Me Before We: Learn to love yourself first

by Suzanne Lachmann, Psy.D.

You join a gym but can’t stop smoking. You finally pull free from a destructive relationship but are binging on junk food. You stop wasting time on mindless TV, but then compulsively check Facebook. Does it seem like pushing forward in one area of your life must be balanced by slipping backward in another? For many of us, the deep-rooted belief that we don’t deserve good things makes us resistant to taking care of ourselves as fully as we can.
Do you want to be self-confident and positive about your future? Inside many of us is a sense that we don’t deserve these good things and instead we are supposed to suffer. This feeling isn’t necessarily a specific thought like, “I don’t deserve to do something that will make me feel better about myself.” But rather it’s the question, “What makes me think I deserve good things?” Or as one woman recently wrote on my Facebook page, “That’s how I feel about a lot of things, for example losing weight—I somehow feel I don’t deserve to be healthy and fit. I’m not worth the effort.”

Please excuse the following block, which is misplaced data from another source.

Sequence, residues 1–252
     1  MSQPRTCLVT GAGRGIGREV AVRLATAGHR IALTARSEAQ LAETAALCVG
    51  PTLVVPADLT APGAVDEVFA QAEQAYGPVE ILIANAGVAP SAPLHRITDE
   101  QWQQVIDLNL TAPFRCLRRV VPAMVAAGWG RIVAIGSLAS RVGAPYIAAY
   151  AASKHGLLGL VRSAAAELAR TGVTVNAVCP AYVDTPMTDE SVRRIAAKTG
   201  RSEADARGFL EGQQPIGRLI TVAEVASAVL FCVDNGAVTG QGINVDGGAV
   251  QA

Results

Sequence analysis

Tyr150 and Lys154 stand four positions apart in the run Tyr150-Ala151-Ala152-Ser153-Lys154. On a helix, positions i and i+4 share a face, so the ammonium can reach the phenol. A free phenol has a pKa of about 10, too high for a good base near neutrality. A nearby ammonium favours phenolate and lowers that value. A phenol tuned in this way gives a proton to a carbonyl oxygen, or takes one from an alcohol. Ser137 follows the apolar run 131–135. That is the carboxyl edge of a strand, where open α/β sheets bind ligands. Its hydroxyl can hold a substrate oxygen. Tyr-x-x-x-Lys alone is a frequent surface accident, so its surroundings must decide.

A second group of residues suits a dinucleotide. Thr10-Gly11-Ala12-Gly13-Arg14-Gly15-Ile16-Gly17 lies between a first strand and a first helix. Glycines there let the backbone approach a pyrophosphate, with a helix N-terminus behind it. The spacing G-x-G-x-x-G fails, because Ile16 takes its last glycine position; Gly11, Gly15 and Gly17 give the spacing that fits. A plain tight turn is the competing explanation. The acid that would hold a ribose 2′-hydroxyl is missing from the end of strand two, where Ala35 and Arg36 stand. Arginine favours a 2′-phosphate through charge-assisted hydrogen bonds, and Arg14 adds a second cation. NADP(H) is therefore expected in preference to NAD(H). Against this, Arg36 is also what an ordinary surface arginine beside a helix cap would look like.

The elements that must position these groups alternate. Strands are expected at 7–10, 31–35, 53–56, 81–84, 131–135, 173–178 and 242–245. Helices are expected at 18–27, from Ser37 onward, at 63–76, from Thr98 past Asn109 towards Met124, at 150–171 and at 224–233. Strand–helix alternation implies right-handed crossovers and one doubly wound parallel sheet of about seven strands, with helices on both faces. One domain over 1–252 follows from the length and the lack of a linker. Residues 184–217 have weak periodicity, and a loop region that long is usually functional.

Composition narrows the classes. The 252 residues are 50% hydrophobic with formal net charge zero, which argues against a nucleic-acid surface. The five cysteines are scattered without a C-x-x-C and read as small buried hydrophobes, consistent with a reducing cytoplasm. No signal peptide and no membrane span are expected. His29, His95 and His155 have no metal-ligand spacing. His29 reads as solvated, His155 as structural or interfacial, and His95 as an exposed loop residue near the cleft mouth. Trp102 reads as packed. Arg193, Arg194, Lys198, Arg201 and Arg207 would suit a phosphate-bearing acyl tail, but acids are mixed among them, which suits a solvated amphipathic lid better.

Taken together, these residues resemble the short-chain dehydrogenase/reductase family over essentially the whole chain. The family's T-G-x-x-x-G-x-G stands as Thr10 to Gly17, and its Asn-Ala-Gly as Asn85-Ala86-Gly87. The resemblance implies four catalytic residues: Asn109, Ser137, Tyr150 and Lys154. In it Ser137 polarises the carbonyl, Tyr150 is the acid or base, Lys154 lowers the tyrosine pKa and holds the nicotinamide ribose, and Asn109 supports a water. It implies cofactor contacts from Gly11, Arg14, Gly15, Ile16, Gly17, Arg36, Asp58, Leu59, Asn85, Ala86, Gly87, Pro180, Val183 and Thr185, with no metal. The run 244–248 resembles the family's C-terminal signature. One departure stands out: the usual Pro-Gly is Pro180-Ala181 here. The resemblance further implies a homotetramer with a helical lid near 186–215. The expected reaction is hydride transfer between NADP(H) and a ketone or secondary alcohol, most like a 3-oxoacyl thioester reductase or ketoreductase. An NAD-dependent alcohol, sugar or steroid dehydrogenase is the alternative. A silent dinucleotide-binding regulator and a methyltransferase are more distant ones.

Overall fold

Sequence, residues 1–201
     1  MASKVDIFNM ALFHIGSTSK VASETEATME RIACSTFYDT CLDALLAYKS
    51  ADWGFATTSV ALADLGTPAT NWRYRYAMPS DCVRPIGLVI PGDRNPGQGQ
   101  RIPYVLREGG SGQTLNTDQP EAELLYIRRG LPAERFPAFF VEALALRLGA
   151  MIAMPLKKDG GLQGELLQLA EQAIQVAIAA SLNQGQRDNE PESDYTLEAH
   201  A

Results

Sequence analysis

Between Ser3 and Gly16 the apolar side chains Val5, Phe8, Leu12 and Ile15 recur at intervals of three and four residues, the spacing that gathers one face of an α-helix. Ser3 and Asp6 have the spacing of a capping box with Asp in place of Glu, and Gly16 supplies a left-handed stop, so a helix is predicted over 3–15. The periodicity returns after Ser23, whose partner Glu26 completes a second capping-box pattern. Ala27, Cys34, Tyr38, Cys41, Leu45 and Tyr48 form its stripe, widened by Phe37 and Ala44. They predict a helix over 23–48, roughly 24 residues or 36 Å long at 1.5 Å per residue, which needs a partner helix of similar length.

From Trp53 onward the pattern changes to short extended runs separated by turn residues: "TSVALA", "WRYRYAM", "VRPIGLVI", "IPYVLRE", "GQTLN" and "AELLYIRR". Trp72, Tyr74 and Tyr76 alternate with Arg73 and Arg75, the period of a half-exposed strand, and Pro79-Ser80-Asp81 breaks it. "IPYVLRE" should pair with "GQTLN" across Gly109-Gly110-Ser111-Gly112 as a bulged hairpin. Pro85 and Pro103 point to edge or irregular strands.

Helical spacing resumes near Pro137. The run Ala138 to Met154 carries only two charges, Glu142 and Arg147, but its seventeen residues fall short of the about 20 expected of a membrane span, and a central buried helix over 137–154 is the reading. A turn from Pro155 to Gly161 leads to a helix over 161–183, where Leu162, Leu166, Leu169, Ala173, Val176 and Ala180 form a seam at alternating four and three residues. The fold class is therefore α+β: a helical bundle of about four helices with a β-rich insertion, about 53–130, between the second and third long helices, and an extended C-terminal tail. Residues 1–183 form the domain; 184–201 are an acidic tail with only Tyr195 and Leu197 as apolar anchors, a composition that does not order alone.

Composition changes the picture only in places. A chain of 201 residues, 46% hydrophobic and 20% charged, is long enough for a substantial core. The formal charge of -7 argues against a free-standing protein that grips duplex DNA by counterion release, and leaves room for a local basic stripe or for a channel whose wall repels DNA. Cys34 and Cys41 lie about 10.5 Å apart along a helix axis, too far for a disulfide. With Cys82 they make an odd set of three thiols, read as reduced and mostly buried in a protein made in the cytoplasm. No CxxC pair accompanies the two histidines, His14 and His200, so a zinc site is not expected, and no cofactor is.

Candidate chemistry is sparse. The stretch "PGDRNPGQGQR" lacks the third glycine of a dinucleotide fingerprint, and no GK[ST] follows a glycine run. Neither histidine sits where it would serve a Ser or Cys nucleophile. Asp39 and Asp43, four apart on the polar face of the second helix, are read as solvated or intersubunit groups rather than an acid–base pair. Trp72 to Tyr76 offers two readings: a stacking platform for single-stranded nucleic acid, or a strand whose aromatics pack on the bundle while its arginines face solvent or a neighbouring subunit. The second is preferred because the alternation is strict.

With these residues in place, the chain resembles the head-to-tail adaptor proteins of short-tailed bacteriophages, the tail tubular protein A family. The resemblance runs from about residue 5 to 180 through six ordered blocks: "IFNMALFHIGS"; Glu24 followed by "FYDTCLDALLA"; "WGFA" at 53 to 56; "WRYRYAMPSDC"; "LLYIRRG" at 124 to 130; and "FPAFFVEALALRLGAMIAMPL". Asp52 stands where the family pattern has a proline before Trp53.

Certain type of fat could help humans lose weight

Oct. 2, 2013 — A diet high in a certain type of fat may actually increase metabolism, according to recent research by Texas Tech University nutrition scientists.

After studying genetically modified mice, the discovery could lead to supplements and a diet regime that will increase metabolism and decrease muscle fatigue in humans. The research was published in the peer reviewed journal, The Journal of Lipid Research.